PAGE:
Although FSARG has not carried out any specific research in this area, the recent development of brownfield sites means that a lot of commercial archaeology has taken place on the east (town) side. This is usually very useful and high quality work but reports have been tucked away in obscure places and not integrated into a proper account. Making the most of these would be the top priority. The west side of the Creek has been less investigated and will need a strategy for establishing (for example) the areas which have been scraped for brickearth by the brickworks which was there until 1907-8 plus other queries.
3b) Marsh section (TR 02117 62061 to TR01960 64514)
Here the Creek flows through alluvial reclaimed marsh, an ancient landscape protected by embankments and drained by a network of channels and sluices. The marsh east of the Creek is under arable cultivation nowadays but west of the creek, between the Faversham and Oare Creeks, the land is still under grass.
Apart from work done in advance of gravel extraction, hardly any archaeological investigation has been done out here and not much historical research. Landscape recording has been mainly from the aesthetic viewpoint. This lack of recording is all the more troubling with the threat of further gravel extraction taking place in the between- the- Creeks area. Although Bretts' archaeological consultants are very good and community friendly, they cannot possibly have the time to record all of the features of the current landscape. The priority here then is to record as much as possible in a variety of light -touch ways before it changes forever.
A wide range of methodological approaches will be used, according to research need.
For the Upper Valley (Z1), map/ aerial photograph regression, publication and document research are the starting points, along with the obtaining of metal detecting finds information from the Portable Antiquities Scheme and contributions from the Kent HER. After this, non-invasive field methods will be used, with field walking, feature logging and photographic archive-building the main methods. At this stage, it is impossible to say whether there will be any need for excavation.
For the Middle Valley (Z2), a great deal of 'desktop' work has already been done, along with much geo resistivity surveying, garden foraging and keyhole excavation¹º. Two areas have, however, been identified as needing clarification and recording, namely a) the area just to the south of the Davington Plateau, at the foot of the slope and b) the area west of Brent Hill. Both of these will be investigated using the same methods as elsewhere in the central area. Care must be taken to establish which areas have been scraped for the brick industry.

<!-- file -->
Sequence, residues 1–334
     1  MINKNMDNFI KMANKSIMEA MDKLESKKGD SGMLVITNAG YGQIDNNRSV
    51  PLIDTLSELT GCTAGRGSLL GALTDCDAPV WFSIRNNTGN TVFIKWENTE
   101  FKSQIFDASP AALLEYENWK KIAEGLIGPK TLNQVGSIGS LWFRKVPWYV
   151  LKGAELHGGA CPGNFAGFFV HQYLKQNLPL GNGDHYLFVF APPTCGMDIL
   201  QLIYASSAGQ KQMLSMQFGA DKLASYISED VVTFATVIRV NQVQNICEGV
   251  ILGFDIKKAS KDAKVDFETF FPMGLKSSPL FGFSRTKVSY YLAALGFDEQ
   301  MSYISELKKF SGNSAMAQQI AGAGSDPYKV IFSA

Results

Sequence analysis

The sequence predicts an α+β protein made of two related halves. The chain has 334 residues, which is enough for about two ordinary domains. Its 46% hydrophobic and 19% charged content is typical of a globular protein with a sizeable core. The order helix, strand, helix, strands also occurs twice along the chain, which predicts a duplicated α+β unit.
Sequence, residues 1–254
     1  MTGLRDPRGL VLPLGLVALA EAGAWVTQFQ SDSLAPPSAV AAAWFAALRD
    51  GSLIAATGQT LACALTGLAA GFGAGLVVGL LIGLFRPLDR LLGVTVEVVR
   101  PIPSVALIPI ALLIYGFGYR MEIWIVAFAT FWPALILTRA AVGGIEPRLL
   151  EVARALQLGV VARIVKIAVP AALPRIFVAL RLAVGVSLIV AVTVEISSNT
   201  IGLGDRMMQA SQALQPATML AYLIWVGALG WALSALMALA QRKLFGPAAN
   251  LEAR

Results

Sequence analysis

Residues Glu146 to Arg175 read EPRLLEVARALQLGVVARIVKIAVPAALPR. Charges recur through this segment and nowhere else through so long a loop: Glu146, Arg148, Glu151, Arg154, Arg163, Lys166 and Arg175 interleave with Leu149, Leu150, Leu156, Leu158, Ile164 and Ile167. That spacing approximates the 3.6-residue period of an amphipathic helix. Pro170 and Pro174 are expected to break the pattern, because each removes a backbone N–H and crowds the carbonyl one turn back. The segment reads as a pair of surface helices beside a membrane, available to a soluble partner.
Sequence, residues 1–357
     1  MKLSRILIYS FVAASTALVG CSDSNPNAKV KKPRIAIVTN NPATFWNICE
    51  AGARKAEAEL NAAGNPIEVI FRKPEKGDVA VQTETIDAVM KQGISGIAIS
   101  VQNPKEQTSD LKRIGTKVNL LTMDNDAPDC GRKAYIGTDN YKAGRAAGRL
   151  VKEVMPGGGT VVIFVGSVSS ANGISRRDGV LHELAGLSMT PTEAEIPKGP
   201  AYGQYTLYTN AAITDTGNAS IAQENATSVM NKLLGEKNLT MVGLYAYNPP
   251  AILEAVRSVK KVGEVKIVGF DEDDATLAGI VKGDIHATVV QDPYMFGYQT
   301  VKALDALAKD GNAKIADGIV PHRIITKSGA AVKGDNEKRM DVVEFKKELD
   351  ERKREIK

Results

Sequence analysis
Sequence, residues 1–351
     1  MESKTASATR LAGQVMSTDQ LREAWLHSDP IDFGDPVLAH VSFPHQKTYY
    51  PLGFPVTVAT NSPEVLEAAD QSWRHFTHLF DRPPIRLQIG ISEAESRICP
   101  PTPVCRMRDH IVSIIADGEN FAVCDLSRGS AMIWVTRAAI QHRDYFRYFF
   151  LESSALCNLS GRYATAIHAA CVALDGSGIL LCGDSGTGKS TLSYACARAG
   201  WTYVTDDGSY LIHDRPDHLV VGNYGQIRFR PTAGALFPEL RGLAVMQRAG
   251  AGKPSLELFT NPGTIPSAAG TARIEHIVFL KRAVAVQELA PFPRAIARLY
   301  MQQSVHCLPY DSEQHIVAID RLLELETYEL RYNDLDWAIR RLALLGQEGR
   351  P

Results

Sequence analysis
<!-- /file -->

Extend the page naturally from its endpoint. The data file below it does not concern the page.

In the Lower (Tidal) Valley (Z3), the eastern side of the town section 3a has been well looked at over the last few years by professional commercial units¹¹. This needs pulling together, along with information from maps, the HER and other sources.
The western side of 3a, the Brents, has been well researched for a Faversham Society paper¹² and does seem to have only modern development (early 19th century onwards) with most space occupied by the 1950/60s North Preston Estate. Furthermore, this area does seem to have been thoroughly scraped by the brick makers. At present, geo resistivity surveys of the Creekside grassed areas to test out the survival of foundations of demolished properties and a pair of carefully sited keyhole excavation to look for remains of the very simple residences that existed here before the building of the North Preston Estate would seem to be sufficient.
For the marsh section, 3b, the tantalising fact here is that the alluvium undoubtedly conceals much archaeology (especially prehistoric) inaccessible to light touch methodologies. The landscape as seen nowadays is really medieval at the earliest. Nevertheless, the cuts of ditches and, very occasionally, crop markings do give hints at what is below, and the surface features are important in themselves. We plan to use a recording method for features adapted from the 'groundtruthing' method developed to test out LiDAR results¹³. This will use GPS systems to record location, a proforma to record details and GIS to plot form and distributions.